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Salary sacrifice schemes, offered by many employers as part of an overall benefits package, are seen as a good way to save staff money and help spread costs. In essence, the employee gives up part of their salary in exchange for a non-cash benefit. As this comes out of pre-tax pay, this is significant because they don’t pay tax or National Insurance (NI) on the salary that is sacrificed. In addition, the employer doesn’t have to pay their employer’s NI contribution on the ‘sacrificed’ portion either, so it can be seen as a win-win situation for all concerned.

For these reasons, the schemes are broadly considered to be a good thing. After all, everyone likes a way to save tax!

How much can be saved depends on what tax the employee pays and how much of their salary they’re setting aside, but if someone was sacrificing £100, this is how it would work:

  • A basic-rate taxpayer would avoid paying £20 in income tax (charged at 20%) and save another £12 in NI contributions (charged at 12%). In effect, £100 in benefits for a reduction in take home pay of just £68.
  • A higher-rate taxpayer would avoid paying £40 in income tax (charged at 40%) and £2 in NI contributions (charged at 2%) – £100 in benefits for a reduction in take home pay of £58.
  • An additional-rate taxpayer would avoid paying £45 in income tax (charged at 45%) and £2 in NI contributions (charged at 2%) – £100 in benefits for a reduction in take home pay of £53.

Salary Sacrifice is an established and HMRC approved method of paying pension contributions, which enables National Insurance (NI) savings for both the employer and the employee. It’s a great way of getting people into saving for retirement as the pension payments are made automatically but it does, of course, depend on whether it’s right for that particular employee and their situation.

Although generally seen as positive, the schemes do mean a reduction in ‘take-home’ pay and so have to be suitable for the particular individual. With a reduction in earnings that can be knock on impacts into the provision of some state benefits, and also into the ability to access finance such as mortgages. In addition, the very word ‘sacrifice’ can make people wary and reluctant to give up some of their salary; in fact, many Salary Sacrifice schemes are now often referred to as Salary Exchange instead. From the employer’s point of view, the schemes need to be formally managed and require changes to employment contracts.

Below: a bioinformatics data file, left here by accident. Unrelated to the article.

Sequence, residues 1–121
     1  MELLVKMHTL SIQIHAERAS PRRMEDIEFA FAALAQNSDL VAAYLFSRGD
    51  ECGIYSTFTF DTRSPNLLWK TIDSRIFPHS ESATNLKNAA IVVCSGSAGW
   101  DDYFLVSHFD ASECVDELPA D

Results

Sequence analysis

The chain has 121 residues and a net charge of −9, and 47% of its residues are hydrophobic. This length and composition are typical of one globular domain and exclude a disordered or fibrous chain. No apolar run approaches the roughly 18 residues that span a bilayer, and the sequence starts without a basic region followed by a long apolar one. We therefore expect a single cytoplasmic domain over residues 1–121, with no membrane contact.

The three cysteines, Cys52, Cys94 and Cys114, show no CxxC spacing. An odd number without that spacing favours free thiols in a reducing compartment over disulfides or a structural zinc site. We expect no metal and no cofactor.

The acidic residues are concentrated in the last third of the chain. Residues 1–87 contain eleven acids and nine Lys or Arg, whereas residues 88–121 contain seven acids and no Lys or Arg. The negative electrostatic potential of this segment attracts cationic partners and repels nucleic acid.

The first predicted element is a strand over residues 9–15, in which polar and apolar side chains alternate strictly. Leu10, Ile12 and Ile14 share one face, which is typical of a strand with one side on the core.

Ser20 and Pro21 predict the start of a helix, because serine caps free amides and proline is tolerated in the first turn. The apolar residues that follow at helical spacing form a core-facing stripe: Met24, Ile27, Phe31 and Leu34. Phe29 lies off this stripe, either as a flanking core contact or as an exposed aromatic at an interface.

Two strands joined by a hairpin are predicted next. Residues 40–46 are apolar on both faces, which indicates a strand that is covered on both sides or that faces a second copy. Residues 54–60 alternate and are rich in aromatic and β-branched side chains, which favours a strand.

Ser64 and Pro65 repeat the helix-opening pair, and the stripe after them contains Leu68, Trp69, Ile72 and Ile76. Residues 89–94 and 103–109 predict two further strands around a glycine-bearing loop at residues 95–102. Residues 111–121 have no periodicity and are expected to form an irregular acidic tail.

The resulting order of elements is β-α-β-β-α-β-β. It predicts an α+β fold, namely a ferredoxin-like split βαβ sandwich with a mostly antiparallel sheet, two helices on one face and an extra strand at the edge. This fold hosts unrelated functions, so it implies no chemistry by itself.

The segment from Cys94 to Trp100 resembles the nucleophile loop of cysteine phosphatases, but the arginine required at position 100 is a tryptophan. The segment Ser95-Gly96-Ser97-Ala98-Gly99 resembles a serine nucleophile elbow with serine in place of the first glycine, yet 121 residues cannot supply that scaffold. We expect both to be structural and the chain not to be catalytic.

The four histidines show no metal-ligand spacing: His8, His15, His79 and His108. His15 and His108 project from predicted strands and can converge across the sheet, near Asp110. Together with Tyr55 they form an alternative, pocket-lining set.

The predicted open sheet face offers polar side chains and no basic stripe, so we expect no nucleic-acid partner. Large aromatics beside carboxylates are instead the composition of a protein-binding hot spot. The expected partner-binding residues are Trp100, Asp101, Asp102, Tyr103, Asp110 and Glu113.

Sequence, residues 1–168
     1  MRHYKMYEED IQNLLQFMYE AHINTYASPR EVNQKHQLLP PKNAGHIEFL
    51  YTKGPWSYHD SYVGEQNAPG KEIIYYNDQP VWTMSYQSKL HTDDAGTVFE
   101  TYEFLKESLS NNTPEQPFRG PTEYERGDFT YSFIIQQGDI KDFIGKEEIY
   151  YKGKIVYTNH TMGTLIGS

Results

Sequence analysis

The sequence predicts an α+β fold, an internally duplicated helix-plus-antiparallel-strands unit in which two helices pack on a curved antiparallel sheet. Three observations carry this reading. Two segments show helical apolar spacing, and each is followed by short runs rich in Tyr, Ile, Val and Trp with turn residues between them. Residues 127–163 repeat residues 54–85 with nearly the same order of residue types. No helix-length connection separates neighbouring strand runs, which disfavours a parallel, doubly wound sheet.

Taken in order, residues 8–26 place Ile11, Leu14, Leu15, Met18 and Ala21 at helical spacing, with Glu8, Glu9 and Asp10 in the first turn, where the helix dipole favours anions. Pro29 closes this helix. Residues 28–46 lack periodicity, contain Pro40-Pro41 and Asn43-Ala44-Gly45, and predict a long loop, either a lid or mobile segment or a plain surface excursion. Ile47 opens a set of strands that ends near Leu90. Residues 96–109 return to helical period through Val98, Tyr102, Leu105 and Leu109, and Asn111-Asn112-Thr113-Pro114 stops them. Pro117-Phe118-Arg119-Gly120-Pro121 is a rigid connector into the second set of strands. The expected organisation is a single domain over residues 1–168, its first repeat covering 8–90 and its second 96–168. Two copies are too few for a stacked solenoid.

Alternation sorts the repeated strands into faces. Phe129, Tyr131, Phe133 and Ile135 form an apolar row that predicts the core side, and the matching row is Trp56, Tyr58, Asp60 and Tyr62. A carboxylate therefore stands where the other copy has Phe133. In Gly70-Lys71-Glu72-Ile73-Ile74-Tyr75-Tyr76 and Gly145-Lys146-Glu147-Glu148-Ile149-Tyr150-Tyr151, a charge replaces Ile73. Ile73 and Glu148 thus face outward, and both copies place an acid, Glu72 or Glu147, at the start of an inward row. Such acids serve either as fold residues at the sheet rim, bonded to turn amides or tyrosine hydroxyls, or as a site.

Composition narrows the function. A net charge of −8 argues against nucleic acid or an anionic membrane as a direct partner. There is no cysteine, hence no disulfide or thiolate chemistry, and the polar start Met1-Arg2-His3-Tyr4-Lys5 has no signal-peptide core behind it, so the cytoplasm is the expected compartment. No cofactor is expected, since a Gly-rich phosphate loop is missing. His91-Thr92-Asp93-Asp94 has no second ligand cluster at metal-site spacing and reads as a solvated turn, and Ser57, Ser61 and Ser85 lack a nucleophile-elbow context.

Change is on the horizon, however. In the 2016 Autumn Statement, the Chancellor announced that he was going to abolish some ‘salary sacrifice’ tax perks on a range of employee benefits from 5th April 2017. Several schemes will close to new members at this point then stop entirely after a period of time. Some of the prominent ones being taken away are:

  • Company cars (unless they’re ultra-low emission vehicles)
  • work-related training
  • Car parking near the workplace
  • Health screening checks
  • Mobile phones, computers and other tech
  • Accommodation
  • Gym membership
  • School fees

Those that will remain are:

  • Pension contributions
  • Childcare
  • Cycle-to-work schemes
  • Ultra-low emission cars

It’s always important for individuals to consider any employee benefit offered to them as part of their overall financial planning, and not rely on it as a top-up measure in isolation, and for most people this means understanding both the value of the benefit and also the financial impact on their savings and/or take home pay.

At Creative, we specialise in advising employers and employees about Salary Sacrifice and our consultants have been doing so for over 30 years. It is our wealth of experience in this area that makes us experts in advising employers on the benefits they can, and should, provide for their staff while helping employees understand the offering available to them and how they can best incorporate these into their personal financial plans.

Should you wish to discuss your benefit offering, and see where the use of Salary Sacrifice could help you and your staff, then please contact your normal Creative consultant or email us on to arrange for one of our consultants to contact you.

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